The primary motivation lying behind this chapter has very much to do with nonlocality of QM. One of the most frequent questions related to nonlocality is how can it be compati- ble with relativity? If entangled particles communicate instantaneously, is it in contradiction with the relativistic rule that no information can travel faster than light? Since communi- cation instantaneous in one Lorentz frame cannot be instantaneous in any other Lorentz frame, does it mean that there exists a preferred Lorentz frame which violates (the spirit of) relativity? In this chapter we offer an answer to these and many other questions re- garding relativity, nonlocality, quantum mechanics, and Bohmian mechanics. In particular, by developing the Bohmian interpretation of QFT, we also explain how continuous particle trajectories can be made compatible with phenomena of particle creation and destruction.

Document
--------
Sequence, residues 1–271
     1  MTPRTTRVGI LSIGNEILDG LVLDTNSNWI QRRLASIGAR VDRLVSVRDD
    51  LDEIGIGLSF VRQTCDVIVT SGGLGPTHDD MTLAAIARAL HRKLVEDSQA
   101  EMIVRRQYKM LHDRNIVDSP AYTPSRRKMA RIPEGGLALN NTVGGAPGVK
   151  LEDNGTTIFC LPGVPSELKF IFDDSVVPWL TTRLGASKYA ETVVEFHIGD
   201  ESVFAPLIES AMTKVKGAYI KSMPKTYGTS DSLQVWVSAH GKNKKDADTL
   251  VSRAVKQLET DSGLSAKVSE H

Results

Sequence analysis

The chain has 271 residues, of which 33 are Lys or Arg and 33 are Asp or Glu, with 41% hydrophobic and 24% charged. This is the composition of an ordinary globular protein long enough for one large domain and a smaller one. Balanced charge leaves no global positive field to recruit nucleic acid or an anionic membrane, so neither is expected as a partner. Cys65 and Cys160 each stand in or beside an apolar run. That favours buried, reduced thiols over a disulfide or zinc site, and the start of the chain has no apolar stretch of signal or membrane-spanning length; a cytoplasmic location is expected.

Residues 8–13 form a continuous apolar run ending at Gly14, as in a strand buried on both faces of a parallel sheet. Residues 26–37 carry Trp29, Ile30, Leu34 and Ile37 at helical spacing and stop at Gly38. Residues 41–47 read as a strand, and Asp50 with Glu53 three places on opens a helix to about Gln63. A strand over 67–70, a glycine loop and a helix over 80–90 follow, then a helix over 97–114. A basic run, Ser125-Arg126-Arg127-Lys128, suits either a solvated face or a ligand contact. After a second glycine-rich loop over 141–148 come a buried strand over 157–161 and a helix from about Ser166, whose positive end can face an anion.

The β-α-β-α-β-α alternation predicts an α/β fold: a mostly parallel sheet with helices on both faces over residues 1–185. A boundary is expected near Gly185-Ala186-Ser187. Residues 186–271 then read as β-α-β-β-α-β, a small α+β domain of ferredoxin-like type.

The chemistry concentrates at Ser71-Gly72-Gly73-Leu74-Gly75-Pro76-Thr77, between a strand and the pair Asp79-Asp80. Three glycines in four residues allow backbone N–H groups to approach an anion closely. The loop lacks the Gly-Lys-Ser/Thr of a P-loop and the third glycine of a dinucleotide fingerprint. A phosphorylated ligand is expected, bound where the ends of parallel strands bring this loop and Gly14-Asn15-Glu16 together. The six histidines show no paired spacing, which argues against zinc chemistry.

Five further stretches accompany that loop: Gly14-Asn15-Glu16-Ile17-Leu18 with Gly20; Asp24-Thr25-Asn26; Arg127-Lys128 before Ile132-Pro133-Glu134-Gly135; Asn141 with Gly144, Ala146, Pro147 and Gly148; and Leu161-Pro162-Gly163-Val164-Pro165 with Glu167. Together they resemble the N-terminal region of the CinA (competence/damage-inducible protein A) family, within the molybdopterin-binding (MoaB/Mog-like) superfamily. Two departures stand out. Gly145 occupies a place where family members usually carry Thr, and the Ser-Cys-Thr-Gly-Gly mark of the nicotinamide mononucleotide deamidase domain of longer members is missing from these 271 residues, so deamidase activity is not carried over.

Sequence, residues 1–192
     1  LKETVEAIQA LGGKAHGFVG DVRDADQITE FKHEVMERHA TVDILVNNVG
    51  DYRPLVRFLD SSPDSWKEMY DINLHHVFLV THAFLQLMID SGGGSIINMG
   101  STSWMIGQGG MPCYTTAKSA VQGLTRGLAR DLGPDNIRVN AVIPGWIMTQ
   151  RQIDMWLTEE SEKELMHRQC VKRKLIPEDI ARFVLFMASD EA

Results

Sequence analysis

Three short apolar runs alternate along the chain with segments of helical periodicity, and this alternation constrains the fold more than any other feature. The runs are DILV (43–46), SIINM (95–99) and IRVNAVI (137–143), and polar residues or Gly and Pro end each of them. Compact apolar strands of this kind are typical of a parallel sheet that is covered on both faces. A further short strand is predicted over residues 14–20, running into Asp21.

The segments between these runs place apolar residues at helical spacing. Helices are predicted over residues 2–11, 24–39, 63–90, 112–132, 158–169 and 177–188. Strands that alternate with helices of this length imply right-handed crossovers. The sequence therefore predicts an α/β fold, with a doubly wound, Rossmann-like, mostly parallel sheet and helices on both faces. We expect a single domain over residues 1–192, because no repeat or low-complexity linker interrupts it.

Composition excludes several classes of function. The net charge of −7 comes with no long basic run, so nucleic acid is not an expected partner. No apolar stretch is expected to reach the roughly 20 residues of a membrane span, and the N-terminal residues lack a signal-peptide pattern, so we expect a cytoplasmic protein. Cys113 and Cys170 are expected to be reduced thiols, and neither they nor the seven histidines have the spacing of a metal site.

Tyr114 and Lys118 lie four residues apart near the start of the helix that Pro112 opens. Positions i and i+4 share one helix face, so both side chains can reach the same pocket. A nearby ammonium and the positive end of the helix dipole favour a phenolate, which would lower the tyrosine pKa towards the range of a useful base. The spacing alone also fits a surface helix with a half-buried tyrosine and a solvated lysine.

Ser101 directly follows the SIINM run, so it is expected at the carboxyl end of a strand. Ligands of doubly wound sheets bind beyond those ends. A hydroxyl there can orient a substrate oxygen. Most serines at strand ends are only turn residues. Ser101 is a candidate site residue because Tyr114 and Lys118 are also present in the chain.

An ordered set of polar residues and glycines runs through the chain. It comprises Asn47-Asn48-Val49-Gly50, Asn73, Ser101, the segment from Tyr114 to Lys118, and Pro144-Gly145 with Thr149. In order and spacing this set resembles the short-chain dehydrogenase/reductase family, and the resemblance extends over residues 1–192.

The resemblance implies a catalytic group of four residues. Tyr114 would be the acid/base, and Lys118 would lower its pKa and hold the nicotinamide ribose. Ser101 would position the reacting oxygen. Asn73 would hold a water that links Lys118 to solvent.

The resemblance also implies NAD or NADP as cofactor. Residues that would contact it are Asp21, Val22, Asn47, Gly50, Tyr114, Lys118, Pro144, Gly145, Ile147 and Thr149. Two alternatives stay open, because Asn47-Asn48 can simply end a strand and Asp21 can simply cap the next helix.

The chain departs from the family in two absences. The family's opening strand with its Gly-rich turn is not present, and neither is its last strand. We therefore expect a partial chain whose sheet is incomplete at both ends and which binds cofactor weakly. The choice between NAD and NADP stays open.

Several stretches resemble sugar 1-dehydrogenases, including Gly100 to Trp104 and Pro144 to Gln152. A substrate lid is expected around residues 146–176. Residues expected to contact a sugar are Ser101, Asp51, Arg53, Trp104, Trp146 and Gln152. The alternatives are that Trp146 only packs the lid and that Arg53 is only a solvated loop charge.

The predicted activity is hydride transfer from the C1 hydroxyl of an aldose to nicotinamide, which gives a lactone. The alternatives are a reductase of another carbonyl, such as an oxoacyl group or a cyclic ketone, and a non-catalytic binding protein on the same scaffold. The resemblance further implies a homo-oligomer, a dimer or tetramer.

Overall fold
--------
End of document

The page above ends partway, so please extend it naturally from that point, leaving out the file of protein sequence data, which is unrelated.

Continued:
Of course, due to the lack of space, this chapter is not intended to be a general pedagogic introduction to relativistic QM and QFT. Instead, we assume that the reader is already fa- miliar with some basics of those, as well as with some basics of special relativity in classical mechanics. (A knowledge of some basics of general relativity may also be useful, but is not necessary.) With these assumptions, we can pay more attention to aspects that are not widely known to experts in relativistic QM and QFT.